Charged with intimidating a victim

TV shows and movies are chock full of hard-boiled detectives who put the squeeze on a local informant to get information.

But criminal witness intimidation is typically much less glamorous.

Charged with intimidating a victim

Even if the court does not forbid contact, this is a best practice because contact can lead to accusations of witness tampering, whether or not tampering actually occurred.

But what if a witness in a case is a party’s spouse, close relative, friend or co-worker?

Others require a use of force, threat of force, or use of intimidation or coercion.

Under the first type of statute, simply asking a witness to testify in your favor constitutes witness tampering.

For instance, if the defendant pays someone to contact a witness or is involved in planning a threat or attack on a witness, he could be charged with witness intimidation or conspiracy to commit the crime.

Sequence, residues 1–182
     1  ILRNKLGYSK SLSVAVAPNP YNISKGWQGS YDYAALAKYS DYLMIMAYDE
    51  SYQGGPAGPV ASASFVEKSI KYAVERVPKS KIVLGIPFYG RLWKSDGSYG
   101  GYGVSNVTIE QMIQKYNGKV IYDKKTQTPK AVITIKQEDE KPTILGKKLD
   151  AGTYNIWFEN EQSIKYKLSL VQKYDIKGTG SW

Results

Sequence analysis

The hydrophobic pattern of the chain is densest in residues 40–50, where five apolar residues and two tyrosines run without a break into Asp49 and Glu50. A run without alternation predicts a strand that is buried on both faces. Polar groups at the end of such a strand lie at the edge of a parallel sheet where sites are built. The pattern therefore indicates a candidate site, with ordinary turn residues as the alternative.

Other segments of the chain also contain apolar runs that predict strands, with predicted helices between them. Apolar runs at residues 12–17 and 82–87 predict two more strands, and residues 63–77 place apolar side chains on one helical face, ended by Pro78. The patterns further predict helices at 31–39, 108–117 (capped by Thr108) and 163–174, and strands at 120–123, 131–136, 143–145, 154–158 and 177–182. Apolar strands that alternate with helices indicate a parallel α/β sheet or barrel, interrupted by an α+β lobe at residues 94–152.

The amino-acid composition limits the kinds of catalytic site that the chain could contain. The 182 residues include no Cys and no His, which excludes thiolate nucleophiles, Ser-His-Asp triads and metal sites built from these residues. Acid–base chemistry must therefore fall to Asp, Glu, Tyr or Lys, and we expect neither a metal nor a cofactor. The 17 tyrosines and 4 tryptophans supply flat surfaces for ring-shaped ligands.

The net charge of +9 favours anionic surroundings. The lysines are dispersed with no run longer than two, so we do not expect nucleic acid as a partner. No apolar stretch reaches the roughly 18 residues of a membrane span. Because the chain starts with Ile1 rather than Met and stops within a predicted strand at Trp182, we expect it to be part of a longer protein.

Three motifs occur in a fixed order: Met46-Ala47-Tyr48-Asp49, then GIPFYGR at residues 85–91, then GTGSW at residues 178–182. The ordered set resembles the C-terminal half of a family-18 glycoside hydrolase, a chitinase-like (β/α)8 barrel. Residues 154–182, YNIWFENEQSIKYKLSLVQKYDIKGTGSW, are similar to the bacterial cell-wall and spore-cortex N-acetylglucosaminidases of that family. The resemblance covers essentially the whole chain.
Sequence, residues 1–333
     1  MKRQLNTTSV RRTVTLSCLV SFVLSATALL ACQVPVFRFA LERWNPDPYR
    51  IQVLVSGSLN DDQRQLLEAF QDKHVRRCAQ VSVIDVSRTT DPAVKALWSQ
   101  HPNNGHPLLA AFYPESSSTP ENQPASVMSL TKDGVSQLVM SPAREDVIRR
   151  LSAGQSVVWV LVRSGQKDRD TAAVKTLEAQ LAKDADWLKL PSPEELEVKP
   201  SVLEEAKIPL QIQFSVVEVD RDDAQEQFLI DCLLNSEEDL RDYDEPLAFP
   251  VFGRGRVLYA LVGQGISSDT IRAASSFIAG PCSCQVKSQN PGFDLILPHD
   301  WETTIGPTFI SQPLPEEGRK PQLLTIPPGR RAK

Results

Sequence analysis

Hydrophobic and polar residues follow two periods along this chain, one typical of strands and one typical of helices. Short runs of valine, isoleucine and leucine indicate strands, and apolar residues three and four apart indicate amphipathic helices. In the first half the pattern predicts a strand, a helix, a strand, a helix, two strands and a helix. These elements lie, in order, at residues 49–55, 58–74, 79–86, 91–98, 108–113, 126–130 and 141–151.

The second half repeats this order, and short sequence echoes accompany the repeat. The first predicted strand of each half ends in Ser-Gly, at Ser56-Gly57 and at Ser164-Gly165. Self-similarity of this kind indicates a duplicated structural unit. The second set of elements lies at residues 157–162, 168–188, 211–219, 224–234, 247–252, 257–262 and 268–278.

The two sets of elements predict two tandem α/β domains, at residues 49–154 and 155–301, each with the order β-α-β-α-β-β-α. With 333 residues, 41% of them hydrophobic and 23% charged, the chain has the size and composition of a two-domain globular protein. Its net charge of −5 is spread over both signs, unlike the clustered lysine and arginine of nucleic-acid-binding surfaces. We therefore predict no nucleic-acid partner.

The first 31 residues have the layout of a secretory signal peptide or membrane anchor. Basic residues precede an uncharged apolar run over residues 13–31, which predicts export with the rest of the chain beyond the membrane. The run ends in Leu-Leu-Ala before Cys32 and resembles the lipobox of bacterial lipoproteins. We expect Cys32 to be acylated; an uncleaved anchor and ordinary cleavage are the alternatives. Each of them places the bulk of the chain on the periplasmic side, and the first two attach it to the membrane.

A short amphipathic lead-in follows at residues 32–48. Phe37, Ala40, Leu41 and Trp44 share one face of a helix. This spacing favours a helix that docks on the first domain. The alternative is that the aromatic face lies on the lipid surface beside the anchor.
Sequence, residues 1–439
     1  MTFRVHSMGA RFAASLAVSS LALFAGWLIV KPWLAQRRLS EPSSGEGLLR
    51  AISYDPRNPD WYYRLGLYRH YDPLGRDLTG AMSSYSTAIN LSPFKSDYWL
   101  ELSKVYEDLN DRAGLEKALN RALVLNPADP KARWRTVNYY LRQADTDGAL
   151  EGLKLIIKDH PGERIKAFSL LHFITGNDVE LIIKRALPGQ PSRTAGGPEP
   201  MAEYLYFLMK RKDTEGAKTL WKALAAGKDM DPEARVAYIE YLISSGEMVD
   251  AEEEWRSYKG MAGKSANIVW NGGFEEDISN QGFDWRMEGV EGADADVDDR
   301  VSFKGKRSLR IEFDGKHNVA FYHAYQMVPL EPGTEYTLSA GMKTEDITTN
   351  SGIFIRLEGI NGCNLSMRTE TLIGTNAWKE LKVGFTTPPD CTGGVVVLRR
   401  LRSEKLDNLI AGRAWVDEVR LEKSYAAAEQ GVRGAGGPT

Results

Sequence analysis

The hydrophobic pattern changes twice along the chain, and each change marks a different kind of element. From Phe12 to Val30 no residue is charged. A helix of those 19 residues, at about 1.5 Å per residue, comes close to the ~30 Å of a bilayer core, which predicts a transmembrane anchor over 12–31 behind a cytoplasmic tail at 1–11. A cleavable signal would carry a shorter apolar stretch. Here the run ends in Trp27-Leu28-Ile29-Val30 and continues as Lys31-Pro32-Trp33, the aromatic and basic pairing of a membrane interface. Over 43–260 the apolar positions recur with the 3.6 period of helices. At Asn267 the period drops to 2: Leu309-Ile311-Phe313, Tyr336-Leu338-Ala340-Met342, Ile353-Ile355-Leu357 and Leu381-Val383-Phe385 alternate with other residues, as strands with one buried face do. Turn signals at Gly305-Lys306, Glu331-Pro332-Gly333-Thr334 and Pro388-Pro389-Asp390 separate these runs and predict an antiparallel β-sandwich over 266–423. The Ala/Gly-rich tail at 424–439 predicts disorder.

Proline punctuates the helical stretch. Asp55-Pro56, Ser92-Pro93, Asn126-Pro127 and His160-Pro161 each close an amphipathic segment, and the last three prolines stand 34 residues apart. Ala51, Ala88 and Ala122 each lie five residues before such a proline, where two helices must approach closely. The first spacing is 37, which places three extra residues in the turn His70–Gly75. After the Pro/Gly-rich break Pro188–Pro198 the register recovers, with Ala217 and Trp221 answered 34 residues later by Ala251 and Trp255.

In criminal cases, defendants often are ordered not to have contact with any witnesses while the case is pending.

Without that intent, there is no criminal intimidation.

Consider this: A particularly scary mugger would not be charged with intimidating a witness merely for making the victim apprehensive of reporting the crime; the mugger would need to have the intent to dissuade his victim from reporting the crime.

A defendant should never do this alone (or without an attorney present) as it can easily result in the witness perceiving the conversation as an attempt to influence testimony.

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